Fellaini has gone and has not been replaced adequately and we would have actually marked them for a lower finishing place had it not been for the three players that arrived, Barry, McCarthy and Lukaku.

McCarthy looks expensive and seems to be the time honoured mistake that managers making returning to their older and smaller clubs. The other two however will add greatly to Everton's cause. Players such as Jagielka and Mirrallas are quality and Baines remains also.

There is not a huge amount of quality around them and if we are proven wrong about Martinez then they may finish higher.

10th, Aston Villa
Top half looks a big call given their relegation travails last season but they will be far stronger for it. They have also kept their prize asset Benteke and that means goals.

Villa have added a couple of summer signings to their young and bright squad and we predict better times for the Villians this season under the quietly impressive Paul Lambert.

11th, Fulham
Fulham will entertain and score goals this season, that is almost for certain given they have added Bent and Taarabat to a side already boasting Berbatov and Ruiz.

Scott Parker will add bite and know how in midfield and whilst they are certainly going to lose a few games, they will also win their fare share. The Cottagers may even finish higher if the front players really click.

12th, Stoke City
Mark Hughes is tough to like sometimes and QPR left his reputation in tatters. A slightly more humble Hughes may do well at Stoke and indeed, his problems seem to appear when he has a large transfer budget to spend as in at City and QPR and handling those players that come along as a result.

He will have no such issues at Stoke with a team much reflecting the locale of the city. If Hughes can mould Stoke in his own image - much as he did at Blackburn - then their usual home form can ensure a comfortable mid table finish.

13th, Southampton
There was much gnashing of teeth when Nigel Adkins was fired last season but the reality is that Mauricio Pochettino has done a good job since his arrival and he was not the one to blame.

The Saints have invested heavily in the summer but we remain to be convinced about the quality of Wanyama. Osvaldo is not the most mobile so possibly not the foil that Ricky Lambert required, he definitely has quality however when he's in the mood.

Like Fulham, if all their players click they may well finish higher but a comfortable season away from the relegation places is probably a good result for them.

14th, West Bromwich
The Baggies enjoyed a fabulous 8th place finish last season but it is hard to see them repeating their heroics this time around. Lukaku's goals have departed unfortunately but Sessegnong, Scott Sinclair and Anichebe all promise attacking intent.

Their squad remains small and they will need luck with injuries again. Steve Clarke remains a good and solid manager and we expect them to finish in the lower end of mid table.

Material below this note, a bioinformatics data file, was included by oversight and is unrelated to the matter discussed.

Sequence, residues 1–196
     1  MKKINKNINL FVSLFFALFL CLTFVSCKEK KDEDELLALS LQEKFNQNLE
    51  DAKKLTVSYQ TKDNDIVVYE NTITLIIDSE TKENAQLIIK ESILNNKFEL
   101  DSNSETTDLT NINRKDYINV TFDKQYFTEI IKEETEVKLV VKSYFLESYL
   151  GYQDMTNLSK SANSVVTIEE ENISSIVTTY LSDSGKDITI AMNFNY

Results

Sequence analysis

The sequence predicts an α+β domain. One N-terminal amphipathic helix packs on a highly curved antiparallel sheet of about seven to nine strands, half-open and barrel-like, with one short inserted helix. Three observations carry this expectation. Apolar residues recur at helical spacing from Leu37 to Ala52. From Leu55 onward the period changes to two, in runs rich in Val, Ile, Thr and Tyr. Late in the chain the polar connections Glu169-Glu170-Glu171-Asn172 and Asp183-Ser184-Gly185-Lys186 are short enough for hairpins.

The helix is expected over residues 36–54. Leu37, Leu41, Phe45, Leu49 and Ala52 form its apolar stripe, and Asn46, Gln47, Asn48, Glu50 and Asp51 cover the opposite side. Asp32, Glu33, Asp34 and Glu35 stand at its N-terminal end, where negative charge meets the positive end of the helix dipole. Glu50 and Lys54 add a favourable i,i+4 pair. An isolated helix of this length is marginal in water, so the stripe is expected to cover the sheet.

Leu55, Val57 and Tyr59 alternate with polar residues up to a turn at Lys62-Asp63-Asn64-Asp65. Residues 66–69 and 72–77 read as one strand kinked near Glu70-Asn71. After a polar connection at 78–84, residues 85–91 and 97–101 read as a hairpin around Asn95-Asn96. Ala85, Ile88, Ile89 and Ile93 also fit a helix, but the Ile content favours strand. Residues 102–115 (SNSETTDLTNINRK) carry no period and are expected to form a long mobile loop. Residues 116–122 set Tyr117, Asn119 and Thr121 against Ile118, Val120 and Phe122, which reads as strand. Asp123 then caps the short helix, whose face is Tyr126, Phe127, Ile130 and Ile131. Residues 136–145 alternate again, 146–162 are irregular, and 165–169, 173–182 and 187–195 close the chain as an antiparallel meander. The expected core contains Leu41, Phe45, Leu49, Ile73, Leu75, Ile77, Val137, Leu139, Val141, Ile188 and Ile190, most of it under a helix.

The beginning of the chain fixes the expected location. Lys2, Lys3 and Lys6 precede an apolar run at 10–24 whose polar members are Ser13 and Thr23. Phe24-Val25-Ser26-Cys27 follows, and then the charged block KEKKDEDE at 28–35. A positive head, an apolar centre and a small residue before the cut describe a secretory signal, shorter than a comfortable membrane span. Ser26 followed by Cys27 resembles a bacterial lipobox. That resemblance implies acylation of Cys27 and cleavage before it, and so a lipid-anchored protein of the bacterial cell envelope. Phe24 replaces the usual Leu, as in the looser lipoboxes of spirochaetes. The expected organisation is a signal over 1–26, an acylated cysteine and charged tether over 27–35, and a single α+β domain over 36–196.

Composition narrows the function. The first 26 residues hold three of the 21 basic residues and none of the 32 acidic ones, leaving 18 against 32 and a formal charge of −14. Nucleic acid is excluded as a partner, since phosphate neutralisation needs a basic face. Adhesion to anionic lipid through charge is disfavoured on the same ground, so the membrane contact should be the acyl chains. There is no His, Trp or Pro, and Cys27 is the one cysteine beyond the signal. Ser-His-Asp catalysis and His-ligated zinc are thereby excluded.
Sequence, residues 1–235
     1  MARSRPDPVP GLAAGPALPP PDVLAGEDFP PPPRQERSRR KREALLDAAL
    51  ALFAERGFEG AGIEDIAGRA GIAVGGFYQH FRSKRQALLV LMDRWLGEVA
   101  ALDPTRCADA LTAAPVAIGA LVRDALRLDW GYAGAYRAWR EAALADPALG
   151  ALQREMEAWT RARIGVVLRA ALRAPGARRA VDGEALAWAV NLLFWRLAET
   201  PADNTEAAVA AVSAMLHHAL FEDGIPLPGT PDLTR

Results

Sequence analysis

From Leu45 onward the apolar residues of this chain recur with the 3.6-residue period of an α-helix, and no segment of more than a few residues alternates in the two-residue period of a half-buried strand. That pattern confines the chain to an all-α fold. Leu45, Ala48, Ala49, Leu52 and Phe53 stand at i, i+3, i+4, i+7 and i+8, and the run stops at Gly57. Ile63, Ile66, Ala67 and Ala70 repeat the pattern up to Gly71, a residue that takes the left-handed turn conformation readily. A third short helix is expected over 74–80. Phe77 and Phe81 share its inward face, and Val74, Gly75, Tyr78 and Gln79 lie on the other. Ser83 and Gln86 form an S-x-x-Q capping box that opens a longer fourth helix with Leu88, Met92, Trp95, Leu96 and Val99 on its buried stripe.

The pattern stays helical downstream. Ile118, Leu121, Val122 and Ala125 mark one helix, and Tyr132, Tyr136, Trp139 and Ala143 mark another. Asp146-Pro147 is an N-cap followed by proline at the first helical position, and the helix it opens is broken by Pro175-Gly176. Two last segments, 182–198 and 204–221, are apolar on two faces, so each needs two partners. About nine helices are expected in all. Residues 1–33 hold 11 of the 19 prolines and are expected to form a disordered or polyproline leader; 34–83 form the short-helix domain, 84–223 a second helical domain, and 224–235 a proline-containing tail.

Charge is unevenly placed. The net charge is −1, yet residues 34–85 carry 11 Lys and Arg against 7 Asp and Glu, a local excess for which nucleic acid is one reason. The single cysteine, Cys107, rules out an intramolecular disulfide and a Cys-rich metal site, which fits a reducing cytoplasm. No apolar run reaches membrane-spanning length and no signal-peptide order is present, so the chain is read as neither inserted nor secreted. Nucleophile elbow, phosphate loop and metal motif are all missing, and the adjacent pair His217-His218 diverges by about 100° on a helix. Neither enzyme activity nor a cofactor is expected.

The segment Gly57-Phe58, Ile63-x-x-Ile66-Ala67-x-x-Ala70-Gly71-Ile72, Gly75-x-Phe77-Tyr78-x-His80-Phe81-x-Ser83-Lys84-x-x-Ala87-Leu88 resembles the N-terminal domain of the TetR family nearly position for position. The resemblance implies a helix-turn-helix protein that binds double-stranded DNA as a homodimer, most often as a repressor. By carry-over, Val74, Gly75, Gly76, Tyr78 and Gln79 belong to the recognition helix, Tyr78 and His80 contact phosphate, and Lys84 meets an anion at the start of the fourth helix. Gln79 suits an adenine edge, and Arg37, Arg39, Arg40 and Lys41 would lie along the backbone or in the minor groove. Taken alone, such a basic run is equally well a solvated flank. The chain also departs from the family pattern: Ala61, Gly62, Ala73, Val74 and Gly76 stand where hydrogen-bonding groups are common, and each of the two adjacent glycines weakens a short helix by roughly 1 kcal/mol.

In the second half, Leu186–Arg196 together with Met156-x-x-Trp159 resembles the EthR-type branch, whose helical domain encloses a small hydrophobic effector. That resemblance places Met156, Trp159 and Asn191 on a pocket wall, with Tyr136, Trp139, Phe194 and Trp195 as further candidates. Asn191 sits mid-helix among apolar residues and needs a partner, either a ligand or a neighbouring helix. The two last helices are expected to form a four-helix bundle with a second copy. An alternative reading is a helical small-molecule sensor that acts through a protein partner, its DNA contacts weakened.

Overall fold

15th, Newcastle Utd
The Geordies remain the biggest soap opera in town - which is saying something - with a disastrous summer thanks in no short measure to the bizarre appointment of Joe Kinnear as director of football.

Pardew will have to reintegrate Johan Cabaye as quickly as possible as he offers quality in midfield. Newcastle's squad is threadbare and they will need Loic Remy to stay fit. They flirted with relegation briefly last season but should be too good to go down.

16th, Norwich City
Chris Hughton has attempted to add goals to the team in the shape of Hooper and and Van Wolfswinkel. Norwich however retain a soft centre.

Home form will be important for the Canaries if they are not to get sucked into the relegation battle. It is time for Chris Hughton to show whether he too is capable of stepping up another level. Should stay up.

17th, Cardiff City
One of the three promoted teams usually does ok and we are picking Cardiff to be the one. Cardiff have invested relatively heavily during the summer and in Malky Mackay they have yet another bright young Glaswegian manager poised to take the next step.

Cardiff have started brightly with a famous victory against Man City but it is their form against the teams around them that will decide whether they can stay up. They should have enough.

18th, Sunderland
Di Canio was a fabulous player but appears not quite such as a person. As with so many top class players with the highest of standards he struggles to relate to players who cannot perform to the level he did ala Souness and Roy Keane. Glenn Hoddle was another example but his tactical acumen papered over many of those cracks.

Di Canio has brought in far too many players with no Premiership experience and jettisoned some strong characters. He quickly needs to realise that players at this level do not respond to be slapped around the head and grabbed by the neck every time he substitutes them, nor being criticised so often and so publicly.